Here are several of my test shots and some of the things I learned from them:

Photo Pose Bad Lighting

This shot is the beginning of something good. The kids are facing too close to the window, causing their faces to be a little washed out. Also, there’s too much shadow going on behind them. Close, but not quite.

Strangled Photo Pose

I altered the angle I was shooting from just a touch, and moved in a little closer. The resulting shot is much better, but the light is still a little too uneven for my liking. (Plus, while the strangle-hold look is endearing, my daughter does look a tad uncomfortable…)

Bad photo posing

I decided that a new pose altogether would be the best course of action. While this picture is wrong in more ways than I can count, the lighting and angle are great.

Personality filled photo pose

A few minor adjustments and, voila! It may not be the 100% perfect Hallmark-card photo I was initially aiming for, but it’s real, shows off my kids’ personalities and is something I can send off to family and friends without cringing. Score!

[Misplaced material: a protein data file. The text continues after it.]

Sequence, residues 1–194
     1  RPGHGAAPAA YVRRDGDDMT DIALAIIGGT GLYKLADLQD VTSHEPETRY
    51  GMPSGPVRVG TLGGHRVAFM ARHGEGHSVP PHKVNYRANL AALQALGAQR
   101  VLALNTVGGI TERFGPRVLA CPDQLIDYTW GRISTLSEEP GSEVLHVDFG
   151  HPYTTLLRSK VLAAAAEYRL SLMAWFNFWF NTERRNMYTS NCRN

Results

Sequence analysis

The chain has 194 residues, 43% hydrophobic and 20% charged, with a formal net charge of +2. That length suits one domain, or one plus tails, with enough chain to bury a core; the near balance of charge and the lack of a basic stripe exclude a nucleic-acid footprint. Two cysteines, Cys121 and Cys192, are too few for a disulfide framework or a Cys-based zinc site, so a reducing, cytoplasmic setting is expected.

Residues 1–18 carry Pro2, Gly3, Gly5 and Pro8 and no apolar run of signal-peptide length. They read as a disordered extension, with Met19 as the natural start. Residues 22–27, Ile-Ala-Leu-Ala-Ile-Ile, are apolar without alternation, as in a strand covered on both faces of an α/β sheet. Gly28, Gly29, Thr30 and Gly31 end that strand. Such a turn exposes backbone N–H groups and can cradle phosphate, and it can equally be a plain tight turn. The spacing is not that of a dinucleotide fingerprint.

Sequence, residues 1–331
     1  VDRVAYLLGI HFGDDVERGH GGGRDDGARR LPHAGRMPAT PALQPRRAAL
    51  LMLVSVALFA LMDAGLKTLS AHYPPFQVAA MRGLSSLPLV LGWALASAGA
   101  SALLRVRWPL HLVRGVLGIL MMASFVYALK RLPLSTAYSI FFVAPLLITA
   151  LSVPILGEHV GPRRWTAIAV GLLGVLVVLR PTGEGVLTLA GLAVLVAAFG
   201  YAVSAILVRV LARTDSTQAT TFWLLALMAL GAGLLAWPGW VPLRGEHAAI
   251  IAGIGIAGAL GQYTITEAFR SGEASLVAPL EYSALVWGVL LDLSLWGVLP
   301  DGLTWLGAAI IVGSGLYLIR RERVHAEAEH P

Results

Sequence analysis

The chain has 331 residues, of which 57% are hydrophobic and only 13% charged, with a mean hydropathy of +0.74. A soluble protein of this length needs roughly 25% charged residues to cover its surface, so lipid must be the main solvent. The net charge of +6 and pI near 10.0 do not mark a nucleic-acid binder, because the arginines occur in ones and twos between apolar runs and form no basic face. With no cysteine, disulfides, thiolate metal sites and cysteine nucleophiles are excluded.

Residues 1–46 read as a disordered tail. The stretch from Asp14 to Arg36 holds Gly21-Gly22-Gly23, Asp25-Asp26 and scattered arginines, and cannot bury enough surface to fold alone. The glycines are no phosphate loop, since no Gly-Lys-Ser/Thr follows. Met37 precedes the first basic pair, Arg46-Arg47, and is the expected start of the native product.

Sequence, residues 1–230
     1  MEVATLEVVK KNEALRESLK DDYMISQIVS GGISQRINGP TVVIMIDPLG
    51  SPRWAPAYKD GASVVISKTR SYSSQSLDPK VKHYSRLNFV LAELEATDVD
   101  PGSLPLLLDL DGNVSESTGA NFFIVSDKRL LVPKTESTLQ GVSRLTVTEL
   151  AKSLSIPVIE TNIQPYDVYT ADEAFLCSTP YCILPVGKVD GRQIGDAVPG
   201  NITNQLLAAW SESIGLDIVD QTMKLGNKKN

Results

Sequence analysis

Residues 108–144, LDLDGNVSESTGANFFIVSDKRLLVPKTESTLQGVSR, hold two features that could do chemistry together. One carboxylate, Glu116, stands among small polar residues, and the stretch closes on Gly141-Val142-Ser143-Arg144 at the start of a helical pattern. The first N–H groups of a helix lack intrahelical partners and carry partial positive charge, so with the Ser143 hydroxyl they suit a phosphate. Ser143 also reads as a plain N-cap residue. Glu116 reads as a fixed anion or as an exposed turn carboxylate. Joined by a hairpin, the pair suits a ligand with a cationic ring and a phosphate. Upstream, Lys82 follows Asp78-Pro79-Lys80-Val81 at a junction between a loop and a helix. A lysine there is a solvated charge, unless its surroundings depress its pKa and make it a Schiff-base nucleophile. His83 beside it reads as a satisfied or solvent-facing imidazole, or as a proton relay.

What do you think?

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Comments

  1. 6

    Great tips, I’m going to attempt at taking this years Christmas family photo myself (fingers crossed) I had a question, is there a particular backdrop stand I should buy, or how should I hang my backdrop? I’m using a canon t3i

  2. 7

    To Lindsey: Yay! I’m so happy that you were able to take some of these tips and make them work for you. You did a great job those pictures of your beautiful girl. Bravo!

    I, too, love this site. There are a wealth of tips for everyone here!

  3. 8

    I so love your photography posts! They’ve helped me improve as a photographer and I’m starting to realize I don’t have to have a $900 camera to take good pictures! Thanks so much! This post inspired me to take these photos of my daughter: http://kindredthought.blogspot.com/2008/10/all-she-needs-are-ballet-shoes.html

  4. 9

    These are great tips and gorgeous kids ;-) Thanks for this!

  5. 10

    I love tips on taking family portraits – it always seems so hard to get it right! Thanks! :-)

  6. 11

    Gorgeous!